Just as a person may look to a map for guidance before making a journey. The act of preparation: gathering, reading, examining and studying the information, it is important, but there is only so much one can learn before the experience one attains from actually doing it. Experience allows us to plan and act based on the past, but we must always remember to allow for the unknown for it is this experience that leads us to Right Understanding.


We tend to underestimate the power of the spoken word, and often regret words said in haste. Each of us has experienced the disappointment associated with harsh criticism, whether justified or not, and we also are likely to have felt good feelings when kind words have encouraged us.

Right Speech involves recognition of the truth, and also an awareness of the impact of idle gossip and of repeating rumors. Communicating thoughtfully helps to unite others, and can heal dissent. By resolving never to speak unkindly, or in anger, a spirit of consideration evolves which moves us closer to everyday compassionate living.


If one's work has a lack of respect for life then it will be a barrier to progress on the spiritual path. Promote the principle of equality in all living beings, while having respect for all life, but do it out of love and kindness — We are one!

The Right Livelihood implies that one will undertake work that focuses on contributing to a community. Community is the people you reside with. All of us. Whether this is done on a global or local scale, the idea is to do this by serving others or by creating tools or applications that have purpose. Ideally, one that benefits a community, workplace, or, provides a service. Having daily responsibility and tasks remind us to do our part in the service of self and others. The bottom line is to give back and leave your mark.


Mindfulness is somewhat trickier to grasp, and may involve change in thinking while being aware and focused in that moment. In doing so we are able to concentrate effectively. With the release from the bondage of past pains and future mind games, we experience a momentary sense of clarity and joy. We can then spend our time focusing on things that have greater value to self, others and in service to the world.

It allows us to be aware of the journey at that specific moment, and to be clear and undistracted in that moment. This way of living is not an attempt to exclude the world, in fact, quite the opposite. This practice is closely linked with and forms the basis of meditation. By being aware, we are able to see how old patterns and habits control us. In this awareness, we may see how fears of possible futures limit our present actions. Have you ever done anything where your mind is only with that activity? At that moment, you're mindful – integrate that awareness into everyday life.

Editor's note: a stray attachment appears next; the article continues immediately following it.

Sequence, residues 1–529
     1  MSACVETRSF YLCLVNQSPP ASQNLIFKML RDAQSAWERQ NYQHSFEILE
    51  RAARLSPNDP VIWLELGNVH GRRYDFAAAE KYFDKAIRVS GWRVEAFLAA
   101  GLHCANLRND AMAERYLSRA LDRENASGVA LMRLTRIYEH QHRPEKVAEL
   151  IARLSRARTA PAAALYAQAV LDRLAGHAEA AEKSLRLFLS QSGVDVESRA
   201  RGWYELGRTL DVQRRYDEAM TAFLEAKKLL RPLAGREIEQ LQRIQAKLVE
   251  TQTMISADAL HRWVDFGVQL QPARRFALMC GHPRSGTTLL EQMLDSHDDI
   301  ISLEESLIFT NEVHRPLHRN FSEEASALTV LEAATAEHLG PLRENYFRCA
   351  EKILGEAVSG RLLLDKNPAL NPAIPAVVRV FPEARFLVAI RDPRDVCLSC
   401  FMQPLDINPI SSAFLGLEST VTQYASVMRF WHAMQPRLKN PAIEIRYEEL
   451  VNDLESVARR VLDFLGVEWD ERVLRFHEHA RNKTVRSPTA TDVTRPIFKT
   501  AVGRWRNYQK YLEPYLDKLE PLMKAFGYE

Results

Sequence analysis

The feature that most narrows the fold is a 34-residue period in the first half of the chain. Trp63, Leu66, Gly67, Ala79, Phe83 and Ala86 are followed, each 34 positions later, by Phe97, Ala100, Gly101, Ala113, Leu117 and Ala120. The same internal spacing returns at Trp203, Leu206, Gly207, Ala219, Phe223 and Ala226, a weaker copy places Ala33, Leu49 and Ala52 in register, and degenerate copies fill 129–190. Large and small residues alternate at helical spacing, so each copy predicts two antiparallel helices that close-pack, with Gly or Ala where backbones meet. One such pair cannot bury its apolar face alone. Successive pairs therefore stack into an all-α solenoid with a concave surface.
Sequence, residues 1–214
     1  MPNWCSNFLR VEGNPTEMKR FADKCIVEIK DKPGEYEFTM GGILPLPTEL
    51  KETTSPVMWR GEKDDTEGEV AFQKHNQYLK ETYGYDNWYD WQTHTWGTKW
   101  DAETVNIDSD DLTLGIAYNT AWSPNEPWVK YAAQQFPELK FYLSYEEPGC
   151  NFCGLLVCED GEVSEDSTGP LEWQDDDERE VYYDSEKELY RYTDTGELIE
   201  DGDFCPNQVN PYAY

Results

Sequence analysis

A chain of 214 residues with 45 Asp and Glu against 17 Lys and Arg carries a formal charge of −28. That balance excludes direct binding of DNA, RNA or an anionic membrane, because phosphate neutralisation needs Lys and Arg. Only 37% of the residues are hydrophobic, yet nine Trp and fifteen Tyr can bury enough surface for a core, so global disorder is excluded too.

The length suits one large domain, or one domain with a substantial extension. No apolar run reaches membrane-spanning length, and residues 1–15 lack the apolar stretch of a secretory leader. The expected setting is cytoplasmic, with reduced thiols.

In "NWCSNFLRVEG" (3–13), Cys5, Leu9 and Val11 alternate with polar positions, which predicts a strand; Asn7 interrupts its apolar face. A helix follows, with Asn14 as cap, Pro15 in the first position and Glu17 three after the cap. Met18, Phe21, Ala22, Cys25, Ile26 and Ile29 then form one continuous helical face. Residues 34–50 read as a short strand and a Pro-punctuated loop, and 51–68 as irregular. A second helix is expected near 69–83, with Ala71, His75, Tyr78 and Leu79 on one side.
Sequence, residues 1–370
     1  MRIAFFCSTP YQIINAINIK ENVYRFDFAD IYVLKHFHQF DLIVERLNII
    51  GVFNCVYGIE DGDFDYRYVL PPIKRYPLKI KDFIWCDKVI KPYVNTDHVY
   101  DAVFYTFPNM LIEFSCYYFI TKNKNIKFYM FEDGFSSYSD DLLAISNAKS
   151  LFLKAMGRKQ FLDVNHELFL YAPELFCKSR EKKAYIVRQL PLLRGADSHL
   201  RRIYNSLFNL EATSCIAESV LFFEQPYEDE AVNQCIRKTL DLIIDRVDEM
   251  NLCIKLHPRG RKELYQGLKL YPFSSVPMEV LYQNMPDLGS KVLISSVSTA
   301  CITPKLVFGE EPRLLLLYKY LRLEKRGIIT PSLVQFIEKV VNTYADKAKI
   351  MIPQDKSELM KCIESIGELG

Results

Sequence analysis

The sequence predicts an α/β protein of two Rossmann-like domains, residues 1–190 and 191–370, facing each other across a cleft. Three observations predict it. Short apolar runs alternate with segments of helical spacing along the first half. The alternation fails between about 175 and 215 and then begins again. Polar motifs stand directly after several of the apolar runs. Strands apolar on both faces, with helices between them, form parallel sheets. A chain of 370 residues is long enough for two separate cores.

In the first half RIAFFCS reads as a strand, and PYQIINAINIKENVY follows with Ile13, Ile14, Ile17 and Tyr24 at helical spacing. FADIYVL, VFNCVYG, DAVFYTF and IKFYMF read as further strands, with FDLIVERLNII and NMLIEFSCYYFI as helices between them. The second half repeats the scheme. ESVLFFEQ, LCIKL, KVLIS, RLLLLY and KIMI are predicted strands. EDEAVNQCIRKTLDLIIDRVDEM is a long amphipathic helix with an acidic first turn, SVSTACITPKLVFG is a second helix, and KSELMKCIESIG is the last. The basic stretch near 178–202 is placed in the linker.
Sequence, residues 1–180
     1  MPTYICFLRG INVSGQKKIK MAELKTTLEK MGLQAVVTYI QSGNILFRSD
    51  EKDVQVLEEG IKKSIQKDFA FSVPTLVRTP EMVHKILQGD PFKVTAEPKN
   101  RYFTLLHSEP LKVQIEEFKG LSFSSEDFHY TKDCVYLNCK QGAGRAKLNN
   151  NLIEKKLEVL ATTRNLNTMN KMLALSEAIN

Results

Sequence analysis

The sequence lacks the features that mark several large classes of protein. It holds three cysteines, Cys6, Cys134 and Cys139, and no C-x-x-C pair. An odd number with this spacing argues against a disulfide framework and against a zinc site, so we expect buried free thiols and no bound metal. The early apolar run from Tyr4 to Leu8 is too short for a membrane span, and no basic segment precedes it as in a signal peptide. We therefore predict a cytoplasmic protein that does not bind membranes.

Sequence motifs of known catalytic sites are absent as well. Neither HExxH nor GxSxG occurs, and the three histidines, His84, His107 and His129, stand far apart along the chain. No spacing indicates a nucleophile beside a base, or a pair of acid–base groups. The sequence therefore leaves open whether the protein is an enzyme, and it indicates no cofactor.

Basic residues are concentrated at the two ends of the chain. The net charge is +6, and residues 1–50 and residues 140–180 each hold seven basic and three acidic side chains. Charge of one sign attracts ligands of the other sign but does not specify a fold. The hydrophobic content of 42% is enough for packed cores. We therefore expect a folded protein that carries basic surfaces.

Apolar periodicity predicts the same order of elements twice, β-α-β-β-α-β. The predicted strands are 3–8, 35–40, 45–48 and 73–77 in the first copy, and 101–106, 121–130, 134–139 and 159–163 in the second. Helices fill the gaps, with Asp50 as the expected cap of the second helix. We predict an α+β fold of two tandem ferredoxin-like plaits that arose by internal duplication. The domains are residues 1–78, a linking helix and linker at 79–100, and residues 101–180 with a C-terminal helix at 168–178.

The Right Intent shows us what life really is - what life's problems are composed of and urges us to decide what our heart wants. Right Intent must come from the heart and involves recognizing the equality of all life and compassion for all that life, beginning with yourself — with persistence and a passion for the journey.

Setting out to climb a high mountain means you must understand the lay of the land and the pitfalls, the other team members, and the equipment you need. This is similar to Right Understanding. But you will only climb that mountain if you really desire and have the passion for the climb. The mountain we climb here is our journey though life. This is Right Intent.


Right Action recognizes the need to take the ethical approach in life, to consider others and the world we live in. This includes not taking what is not given to us, and having respect for the agreements one makes both in private and in business.

Right Action also encompasses the five precepts: Do not to kill, steal, lie, abuse drugs or other intoxicants, or participate in sexual misconduct. This step on the path also includes a whole approach to the environment, with Right Action being taken whenever possible to safeguard the world for future generations.


The Right Effort encourages cultivation of enthusiasm or arming the self with a positive attitude in a balanced way. Like the strings of a musical instrument, the amount of effort should not be too tense or too impatient, as well as not too slack or too laid back. The Right Effort should produce an attitude of steady and cheerful determination.

In order to produce the Right Effort, clear and honest thoughts should be welcomed, and feelings of jealousy and anger should be left behind. The Right Effort equates to positive thinking, followed by focused action. Many books have been written about the power of the positivity. In order to carry a positive action we must develop here a positive vision.


The benefits of Right Mindfulness and Right Concentration are significant as they teach the mind to see things, not as we are conditioned to seeing them, but as they really are. At the same time, they also lead to calmness and peace with the world. Right concentration implies that we select worthy directions for the concentration of the mind. At deeper levels, no object or concept may be necessary for further development.

Once the mind is uncluttered, it may then be concentrated to achieve whatever is desired. The ability to turn the mind to focus on an object, or a concept such as loving compassion. This forms the next part of the meditation process. This process takes us closer to freedom from suffering. When one’s ability in this kind of meditation is developed, it has two principal benefits. It leads to mental and physical well-being and it turns the mind into an instrument capable of seeing things as they really are. It prepares the mind to attain wisdom.


"My teaching is a method to experience reality and not reality itself, just as a finger pointing at the moon is not the moon itself. A thinking person makes use of the finger to see the moon. A person who only looks at the finger and mistakes it for the moon will never see the real moon." - Buddha

ON THE WAY TO THE GARDEN "A Soul must lose its attachment to humanity. A Mind must lose its attachment to salvation. A Brain must lose its attachment to body." In the retreat from matter, all realities are equal." – Genesis P-Orridge